Game of Thrones’s Cersei Lannister is a bitch. She’s vengeful, manipulative, cruel, and has no sympathy for the less fortunate — even if they’re in her own family. She rejects her brother Tyrion for his “monstrosity” and when the brother she loves returns with a disabled sword-hand, she temporarily rejects him, too. As Tyrion once told her, “You love your children. It’s your one redeeming quality. That, and your cheekbones.” But terrible as she is — as few redeeming qualities as she has — she’s always interesting to watch. Always. Being unlikable, yet still engaging, is a quality male antiheroes often possess — Walter White, Don Draper, James Flint, and even Jaime Lannister — but it’s exceedingly rare in their female counterparts.
Breaking Bad’s Skyler White is a drag, True Detectives’s Ani Bezzerides’s every line sounds like a man wrote it for her, True Blood’s Sookie Stackhouse is a wishy-washy annoyance, Orange is The New Black’s Piper Chapman is tiresomely narcissistic, Vikings’s Aslaug is a cartoon shrew, and even Buffy The Vampire Slayer’s Buffy is the show’s least engaging character, often abrasive and off-putting.
Inevitably in any fandom debates, when you state your dislike for a female character, you’ll be met with sentiments of “you don’t like her because you’re a misogynist! You’d like her if she was a man!” (See: when Black Sails fans discuss Eleanor Guthrie).
And while this is certainly true sometimes, given that we do have ingrained double-standards about female likability, it’s often a far simpler matter on TV. Most female antiheroes are not as engaging as their male counterparts because they’re not as well written.
There’s an obvious reason for this: Television writers’ rooms are overwhelmingly male and in most of their attempts to write female antiheroes or Strong Female Characters, it shows. How many times have you heard a female character say a line that takes you out of a scene because no human woman would ever actually say that?
Male antiheroes can do terrible things — deal meth, cheat on their partners, snort metric tons in coke — while still remaining an interesting watch. Even in his prime douche days, Jaime Lannister was fascinatingly complicated, contradictory and fucked up. He was never less than fully-fleshed out, because the writing never lost his humanity.
Though this is much rarer in reverse, Cersei Lannister is the greatest exception. It’s partly because of Lena Headey’s magnificent performance, which was never stronger than at the end of Season 5.
In spite of all the horrible things we’ve watched Cersei do — most egregiously, enabling Joffrey’s cruelty — Headey managed to make us pity her during that Walk of Shame. With her facial expression alone, she brought us into an extremely unsympathetic character’s humiliation and pain — and it was affecting. We still didn’t like her, but we felt for her the same way we felt for her brother and countless television antiheroes.
But Cersei stands alone among female antiheroes for another reason. Game of Thrones has a bizarre paradox that keeps intelligent viewers coming back in spite of lines like “You want a good girl but you need the bad pussy.” Yes,GoT is unable to depict a world that has uneven gender politics without constructing the show itself that way— failing to get when an audience will interpret a scene as rape (Jaime and Cersei in Season 4) or failing to get what the focus of a rape scene should be (Sansa and the camera panning to Theon in Season 5). But Game of Thrones is in TV’s top 1% in depicting nuanced female characters.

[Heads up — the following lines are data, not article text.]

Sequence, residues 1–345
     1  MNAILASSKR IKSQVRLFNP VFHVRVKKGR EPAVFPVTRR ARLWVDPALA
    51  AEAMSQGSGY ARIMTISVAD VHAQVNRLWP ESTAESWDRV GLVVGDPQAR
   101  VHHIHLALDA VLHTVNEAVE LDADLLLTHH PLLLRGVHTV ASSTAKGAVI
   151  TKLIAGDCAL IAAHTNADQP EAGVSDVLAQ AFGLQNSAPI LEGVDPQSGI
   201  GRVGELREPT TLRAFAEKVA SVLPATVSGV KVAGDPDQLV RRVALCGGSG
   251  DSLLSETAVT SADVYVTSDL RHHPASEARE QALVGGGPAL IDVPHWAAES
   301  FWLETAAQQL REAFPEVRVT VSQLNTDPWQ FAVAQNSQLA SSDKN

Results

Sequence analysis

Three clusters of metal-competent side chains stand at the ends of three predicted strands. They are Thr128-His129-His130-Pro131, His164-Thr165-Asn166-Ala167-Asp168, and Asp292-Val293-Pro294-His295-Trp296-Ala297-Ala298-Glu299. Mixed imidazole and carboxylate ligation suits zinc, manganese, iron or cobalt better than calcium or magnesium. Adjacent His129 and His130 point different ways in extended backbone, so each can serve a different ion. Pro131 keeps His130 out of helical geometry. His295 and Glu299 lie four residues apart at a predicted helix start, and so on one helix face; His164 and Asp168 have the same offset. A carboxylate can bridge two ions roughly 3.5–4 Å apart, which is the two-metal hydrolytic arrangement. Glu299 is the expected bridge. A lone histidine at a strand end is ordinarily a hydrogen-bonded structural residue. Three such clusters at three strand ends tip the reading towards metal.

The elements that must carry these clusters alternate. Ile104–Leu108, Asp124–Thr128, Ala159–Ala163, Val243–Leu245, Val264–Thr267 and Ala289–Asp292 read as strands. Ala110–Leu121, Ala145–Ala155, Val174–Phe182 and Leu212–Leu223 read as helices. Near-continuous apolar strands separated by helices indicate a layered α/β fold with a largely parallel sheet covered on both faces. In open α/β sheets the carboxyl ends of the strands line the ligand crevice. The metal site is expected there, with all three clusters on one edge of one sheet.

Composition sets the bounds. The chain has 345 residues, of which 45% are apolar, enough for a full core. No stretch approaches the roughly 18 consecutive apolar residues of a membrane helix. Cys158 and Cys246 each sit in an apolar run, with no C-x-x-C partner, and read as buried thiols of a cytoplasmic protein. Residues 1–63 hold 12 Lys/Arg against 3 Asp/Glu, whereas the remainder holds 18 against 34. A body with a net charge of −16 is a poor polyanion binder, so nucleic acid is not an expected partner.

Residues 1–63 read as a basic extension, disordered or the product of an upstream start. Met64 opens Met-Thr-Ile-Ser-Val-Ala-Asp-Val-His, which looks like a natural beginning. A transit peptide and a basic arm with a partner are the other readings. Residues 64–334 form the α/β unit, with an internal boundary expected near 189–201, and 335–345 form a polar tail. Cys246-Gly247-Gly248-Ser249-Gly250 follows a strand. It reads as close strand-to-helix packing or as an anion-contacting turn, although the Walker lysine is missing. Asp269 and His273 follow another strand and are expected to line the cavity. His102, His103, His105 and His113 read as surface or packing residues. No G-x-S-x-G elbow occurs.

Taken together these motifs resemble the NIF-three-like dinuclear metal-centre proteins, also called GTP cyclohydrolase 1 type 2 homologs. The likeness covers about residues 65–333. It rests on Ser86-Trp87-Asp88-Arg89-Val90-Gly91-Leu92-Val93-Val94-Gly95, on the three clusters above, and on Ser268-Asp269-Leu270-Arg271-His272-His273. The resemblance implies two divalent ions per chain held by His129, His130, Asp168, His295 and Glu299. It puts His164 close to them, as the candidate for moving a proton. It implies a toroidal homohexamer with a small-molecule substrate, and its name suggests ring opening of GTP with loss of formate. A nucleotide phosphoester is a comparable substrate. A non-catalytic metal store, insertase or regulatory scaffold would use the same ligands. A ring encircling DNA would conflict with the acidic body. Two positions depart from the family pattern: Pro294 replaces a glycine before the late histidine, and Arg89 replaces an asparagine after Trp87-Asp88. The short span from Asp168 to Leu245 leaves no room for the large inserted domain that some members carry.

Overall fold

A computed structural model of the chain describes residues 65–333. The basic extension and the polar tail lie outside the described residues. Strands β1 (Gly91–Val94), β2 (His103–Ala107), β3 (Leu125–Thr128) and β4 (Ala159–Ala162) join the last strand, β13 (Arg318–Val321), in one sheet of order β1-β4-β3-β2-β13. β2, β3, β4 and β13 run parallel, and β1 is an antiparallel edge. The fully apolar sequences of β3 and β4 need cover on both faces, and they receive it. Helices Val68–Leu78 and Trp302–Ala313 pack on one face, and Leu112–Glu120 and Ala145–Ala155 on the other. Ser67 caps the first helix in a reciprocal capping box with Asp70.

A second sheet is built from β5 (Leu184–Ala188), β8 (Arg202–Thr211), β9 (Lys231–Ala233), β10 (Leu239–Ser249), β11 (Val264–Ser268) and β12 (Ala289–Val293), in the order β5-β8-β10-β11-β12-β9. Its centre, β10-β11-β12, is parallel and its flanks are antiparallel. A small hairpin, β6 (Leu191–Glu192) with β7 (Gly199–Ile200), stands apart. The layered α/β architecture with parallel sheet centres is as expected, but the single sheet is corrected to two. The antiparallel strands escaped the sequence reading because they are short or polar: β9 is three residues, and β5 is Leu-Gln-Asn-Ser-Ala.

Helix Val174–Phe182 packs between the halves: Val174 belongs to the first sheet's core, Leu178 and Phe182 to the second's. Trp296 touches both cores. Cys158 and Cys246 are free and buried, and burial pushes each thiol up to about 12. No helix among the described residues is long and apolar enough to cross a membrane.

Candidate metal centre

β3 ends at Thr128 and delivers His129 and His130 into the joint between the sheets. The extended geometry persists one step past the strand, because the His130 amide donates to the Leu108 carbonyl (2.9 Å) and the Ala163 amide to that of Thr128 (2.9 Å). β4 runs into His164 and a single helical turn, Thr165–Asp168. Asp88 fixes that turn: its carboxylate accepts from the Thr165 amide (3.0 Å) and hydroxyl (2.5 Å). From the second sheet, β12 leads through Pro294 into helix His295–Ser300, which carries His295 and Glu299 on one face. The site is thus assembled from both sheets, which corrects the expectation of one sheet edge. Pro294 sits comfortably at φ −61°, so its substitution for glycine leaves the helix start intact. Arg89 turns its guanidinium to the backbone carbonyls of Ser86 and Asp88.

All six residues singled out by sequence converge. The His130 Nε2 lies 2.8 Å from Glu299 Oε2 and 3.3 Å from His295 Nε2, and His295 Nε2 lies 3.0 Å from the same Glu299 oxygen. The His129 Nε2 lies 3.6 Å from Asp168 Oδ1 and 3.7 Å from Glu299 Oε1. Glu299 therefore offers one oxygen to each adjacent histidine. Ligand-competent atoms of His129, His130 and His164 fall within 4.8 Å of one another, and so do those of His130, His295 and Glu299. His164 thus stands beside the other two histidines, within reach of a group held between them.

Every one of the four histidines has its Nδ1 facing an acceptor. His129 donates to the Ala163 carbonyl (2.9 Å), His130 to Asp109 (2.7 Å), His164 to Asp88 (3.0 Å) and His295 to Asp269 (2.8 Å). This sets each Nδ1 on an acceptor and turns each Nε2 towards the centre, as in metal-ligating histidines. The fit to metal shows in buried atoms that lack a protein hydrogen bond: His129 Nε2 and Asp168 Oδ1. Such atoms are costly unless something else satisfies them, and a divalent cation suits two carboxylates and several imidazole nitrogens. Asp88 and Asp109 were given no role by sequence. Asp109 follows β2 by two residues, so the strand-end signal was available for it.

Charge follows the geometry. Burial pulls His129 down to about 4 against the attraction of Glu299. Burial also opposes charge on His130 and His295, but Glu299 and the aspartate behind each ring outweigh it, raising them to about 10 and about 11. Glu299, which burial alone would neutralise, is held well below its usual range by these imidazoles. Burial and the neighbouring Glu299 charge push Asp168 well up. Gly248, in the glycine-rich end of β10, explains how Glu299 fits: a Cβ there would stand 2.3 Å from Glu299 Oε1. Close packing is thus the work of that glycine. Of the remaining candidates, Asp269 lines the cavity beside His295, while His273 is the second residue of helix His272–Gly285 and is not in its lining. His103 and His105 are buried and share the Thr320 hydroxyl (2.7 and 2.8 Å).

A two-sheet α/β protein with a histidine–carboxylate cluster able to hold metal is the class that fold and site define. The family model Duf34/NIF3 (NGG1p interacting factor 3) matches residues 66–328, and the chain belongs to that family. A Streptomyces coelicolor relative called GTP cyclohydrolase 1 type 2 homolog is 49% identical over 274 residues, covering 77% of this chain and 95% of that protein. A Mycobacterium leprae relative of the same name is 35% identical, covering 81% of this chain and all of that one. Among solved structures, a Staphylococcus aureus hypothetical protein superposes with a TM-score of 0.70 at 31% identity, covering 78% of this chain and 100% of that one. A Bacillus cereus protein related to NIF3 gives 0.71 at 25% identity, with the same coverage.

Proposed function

It’s an incredibly weird, how tone-deaf the show is in some areas (how did nobody in production watch the Jaime Cersei Season 4 scene and say, “you know, 100% of the audience will see this as rape…if that’s not what we intend, maybe we should edit it!”) and how enlightened in other areas. When Cersei is onscreen, no matter what horrible things she says or does, you don’t want to take a snack or bathroom break. You’re riveted.
You can’t say the same of most other female antiheroes, because they don’t have inner lives and clear motivations the way Cersei does. They come off as shrill and abrasive not because “that’s just the way women are!” but because the writers forget to give them other qualities. Or they omit the convincing reasons for these qualities. And sure, you can’t ignore the double-standard about women being “likable,” you can’t ignore the fact that “shrill” and “abrasive” are not adjectives typically attributed to male characters. But at its core, this is a writing issue.
Game of Thrones does not have perfect writing (hello, Sand Snakes) and unquestionably, has blind spots around gender politics. But the conversation around its sexism continues endlessly because of its intriguing contradictory nature. There will always be merit to both sides of the argument — Game of Thrones exploits women; no it’s actually feminist! — because more than any other show, it embodies both.
Cersei Lannister exemplifies why Game of Thrones is one of the most fascinating and debate-worthy shows on TV, even six seasons deep. If and when she finally meets her end — perhaps in Season 6, perhaps later down the line — it’s guaranteed that the scene will elicit far more emotion than it’s got any right to. Cersei is unpleasant, Cersei is terrible, Cersei should not be anyone’s model for behavior. But she stands as a sign for how to get a female antihero right.